With the Cold War winding down, the Pentagon began re-thinking a Pacific presence that had existed since World War II. In 1992, under pressure from the Philippine government, the U.S. shut down the Subic Bay navy base, a sprawling 60,000-acre facility capable of housing 40,000 troops and staff members. By the end of the year, the U.S. closed its major bases in the Philippines, the biggest reduction of U.S. military forces ever in the western Pacific.

At the same time, a team of reformers in the Clinton Administration was pushing for a “reinvention of government,” an era of free market concepts – eliminating red tape, slashing the federal workforce and outsourcing as much as possible to the private sector – ushered in by a Democratic administration friendly to big business. The trend only accelerated under George W. Bush. During World War II, the military employed one contractor for every seven soldiers; by 2009, the ratio was one-to-one in Iraq and three-to-one in Afghanistan. “The extent to which we began to rely on contractors was unprecedented,” says Janine Wedel, an anthropologist at George Mason University and author of Shadow Elite, a book that looks at the intersection of the free market and government. “The line between what the government did and what contractors did became incredibly blurred.”

After 9/11 the money flowing to private defense contractors skyrocketed 15 percent each year, from $284 billion in 2000 to $452 billion by 2008. In Afghanistan, private contractors carried around suitcases stuffed with cash to buy off warlords and build roads over rugged mountain passes. When Obama was elected, spending on defense contractors slowed, but not in the Pacific Command, where the administration continued to deploy ship to fend off China’s rise. By then, Francis had already started spending time with Navy brass, visiting ships that came into port, and taking captains out to dinner. He wanted to understand Navy strategy – and how he could he help.

In terms of realpolitik, navies are different than armies. A fleet of ships could do things an infantry unit could not, like provide a substantial military presence 10,000 miles off the mainland. A ship off your coast may send a signal, but it wasn’t the same as a full-scale invasion. And because it took ships so long to get anywhere, they were less threatening than actual troops on the ground, which allowed diplomats time to ratchet up pressure during a crisis. Francis had seen that dynamic play out in the early 90s when two aircraft carrier strike groups were sent near the Taiwan Strait in response to a Chinese missile test.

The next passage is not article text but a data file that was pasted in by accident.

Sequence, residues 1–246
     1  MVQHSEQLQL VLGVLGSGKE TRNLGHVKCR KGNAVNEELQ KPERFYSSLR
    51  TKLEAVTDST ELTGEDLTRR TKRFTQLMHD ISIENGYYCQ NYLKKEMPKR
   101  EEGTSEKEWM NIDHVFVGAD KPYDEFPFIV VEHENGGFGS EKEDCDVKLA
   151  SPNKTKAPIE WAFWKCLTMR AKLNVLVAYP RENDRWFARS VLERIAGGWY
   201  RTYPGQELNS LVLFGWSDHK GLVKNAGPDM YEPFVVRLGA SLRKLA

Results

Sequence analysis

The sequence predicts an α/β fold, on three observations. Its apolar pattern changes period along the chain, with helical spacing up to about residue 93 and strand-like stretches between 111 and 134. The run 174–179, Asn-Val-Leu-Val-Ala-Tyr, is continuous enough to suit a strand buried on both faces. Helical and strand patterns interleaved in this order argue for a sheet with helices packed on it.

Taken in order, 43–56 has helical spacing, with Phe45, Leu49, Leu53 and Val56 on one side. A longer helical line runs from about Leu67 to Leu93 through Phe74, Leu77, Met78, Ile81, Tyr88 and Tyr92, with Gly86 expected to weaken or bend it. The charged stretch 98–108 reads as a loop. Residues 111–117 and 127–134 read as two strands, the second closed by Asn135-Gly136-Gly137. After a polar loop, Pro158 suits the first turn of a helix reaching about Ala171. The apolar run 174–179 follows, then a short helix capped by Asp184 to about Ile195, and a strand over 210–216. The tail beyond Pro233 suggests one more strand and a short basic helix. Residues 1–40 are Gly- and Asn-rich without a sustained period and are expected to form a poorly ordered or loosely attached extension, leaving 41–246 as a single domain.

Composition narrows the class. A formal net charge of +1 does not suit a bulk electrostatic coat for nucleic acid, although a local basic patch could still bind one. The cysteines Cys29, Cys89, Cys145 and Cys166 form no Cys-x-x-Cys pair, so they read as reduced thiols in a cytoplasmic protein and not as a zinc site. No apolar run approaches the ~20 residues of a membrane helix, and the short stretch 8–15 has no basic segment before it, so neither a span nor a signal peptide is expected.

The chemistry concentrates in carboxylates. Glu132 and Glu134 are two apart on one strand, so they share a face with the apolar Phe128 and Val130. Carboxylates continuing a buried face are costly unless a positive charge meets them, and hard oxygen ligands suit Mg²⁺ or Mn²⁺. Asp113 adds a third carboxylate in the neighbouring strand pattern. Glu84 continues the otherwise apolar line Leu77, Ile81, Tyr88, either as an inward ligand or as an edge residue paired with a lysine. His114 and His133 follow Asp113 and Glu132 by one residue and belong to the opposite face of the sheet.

Port visits, Francis realized, were an instrumental part of military strategy. It was mostly about “raising the flag,” a projection of soft power, which kept sea lanes open for commerce and kept adversaries—like China, North Korea and Russia—in check. Francis looked over the entire region. There were dozens of contracts, with hundreds of millions of dollars up for grabs.

In early 2006, Francis showed up at a hotel bar in Singapore carrying an envelope stuffed with $50,000 in cash. He was meeting Paul Simpkins, a decorated Air Force veteran who ran the Navy’s contracting office in Singapore as a civilian specialist. Simpkins and Francis had been meeting for weeks, finalizing the details of a backroom deal that would gross millions of dollars for Glenn Defense. In exchange for regular cash payments, Simpkins would help Francis land lucrative contracts in the Pacific (one in Thailand proved to be worth $7 million), serve as a source of classified Naval intelligence and shield Francis from disputes over billing or the bidding process. Francis would essentially have someone inside the Navy working for Glenn Defense. He slipped Simpkins the envelope of cash. All told, Francis would transfer over $400,000 to accounts Simpkins controlled, often emailing money wire details to Simpkins’ wife in Japan, and regularly sent gifts to Simpkins’ mistress, a scientist in China.